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The Observatory Municipal Heritage Building

St. John's, Newfoundland and Labrador, A1C, Canada

Formally Recognized: 1994/12/05

Exterior facade, facing east, taken February 2005.; HFNL 2005
1 Bonaventure Avenue, St. John's, NL.
Detailed view of the main entrance, 1 Bonaventure Avenue, St. John's.  Photo taken October 26, 2007, view looking west.; Deborah O'Rielly/ HFNL 2007
1 Bonaventure Avenue, St. John's
View of main facade, looking west, 1 Bonaventure Avenue, The Observatory.  Photo taken October 26, 2007.; Deborah O'Rielly/ HFNL 2007
1 Bonaventure Avenue, St. John's

Other Name(s)


Links and documents

Construction Date(s)

Listed on the Canadian Register: 2008/11/25

Statement of Significance

Description of Historic Place

1 Bonaventure Avenue, The Observatory, is a two storey wooden house located at the corner of Bonaventure Avenue and Military Road. It is situated between several very large buildings in the heart of St. John’s. This designation is confined to the footprint of the building.

Heritage Value

1 Bonaventure Avenue, The Observatory, is designated a municipal heritage building because it has historic and aesthetic values.

1 Bonaventure Avenue is historically valuable because of its age and association with first owner, John Delaney. Irish-born Delaney (1811-1883) was the owner of the Observatory from the time of its construction until his death. He came to Newfoundland and represented Placentia in the House of Assembly 1848-52 and 1855-56. He was appointed Postmaster General in 1860 and oversaw improvements in the mail service. His interest in meteorology led, in effect, to the development of a local meteorological service under the aegis of the Meteorological Service of Canada. A regular informant of the Smithsonian Institute in Washington, he was made a Fellow of the Royal Meteorological Society in 1873. He is also significant for having made and operated the first telephone in Newfoundland in 1878. Delaney’s historical significance rests on his work in meteorology and on the telephone. 1 Bonaventure Avenue was equipped with an observatory when it was constructed. It was a two-storey structure attached to the rear addition but has since been demolished. It was from this structure, and the attached house that Delaney studied meteorology as a Fellow of the Royal Meteorological Society and thus made a significant contribution to the society.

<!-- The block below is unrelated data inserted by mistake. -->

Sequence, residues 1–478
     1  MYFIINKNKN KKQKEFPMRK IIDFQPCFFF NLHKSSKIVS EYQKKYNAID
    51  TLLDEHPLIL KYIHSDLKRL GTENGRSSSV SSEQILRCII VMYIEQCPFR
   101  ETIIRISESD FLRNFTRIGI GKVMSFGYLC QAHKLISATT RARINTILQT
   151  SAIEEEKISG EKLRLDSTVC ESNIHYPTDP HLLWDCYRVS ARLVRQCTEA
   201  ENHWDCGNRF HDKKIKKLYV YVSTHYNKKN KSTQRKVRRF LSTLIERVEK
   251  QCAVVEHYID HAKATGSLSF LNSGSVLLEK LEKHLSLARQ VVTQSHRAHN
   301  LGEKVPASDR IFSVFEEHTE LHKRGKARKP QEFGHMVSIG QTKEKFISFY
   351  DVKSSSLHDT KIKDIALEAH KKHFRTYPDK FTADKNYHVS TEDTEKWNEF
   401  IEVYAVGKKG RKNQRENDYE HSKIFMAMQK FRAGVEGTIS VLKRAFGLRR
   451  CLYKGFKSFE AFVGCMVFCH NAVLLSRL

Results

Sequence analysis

1 Bonaventure Avenue is aesthetically valuable because it is a beautiful example of Second Empire Design, having survived the Great Fire of 1892. This wooden, two-storey house has a Mansard roof with a projecting central tower, itself with a mansard roof. The Observatory has returned, moulded eaves and arched one over one windows. Above the main façade windows are moulded brackets supporting wide shelves, and this is reflected around the front door. This house stands alone in its decoration, as it is the only single dwelling in the immediate area.

Source: City of St. John's Archives, Railway Coastal Museum, 3rd Floor, 495 Water Street, P.O. Box 908, St. John's, NL A1C 5M2

Character-Defining Elements

All those elements that embody the Second Empire style, including:
-mansard roof;
-arched 1/1 windows;
-bracketed shelves;
-returned moulded eaves; and
-projecting central tower.



Newfoundland and Labrador

Recognition Authority

City of St. John's

Recognition Statute

City of St. John's Development Regulations

Recognition Type

City of St. John's Heritage Building

Recognition Date


Historical Information

Significant Date(s)


Theme - Category and Type

Expressing Intellectual and Cultural Life
Architecture and Design

Function - Category and Type



Single Dwelling

Architect / Designer




Additional Information

Location of Supporting Documentation

City of St. John's Archives, Railway Coastal Museum, 3rd Floor, 495 Water Street, P.O. Box 908, St. John's, NL A1C 5M2

Cross-Reference to Collection

Fed/Prov/Terr Identifier




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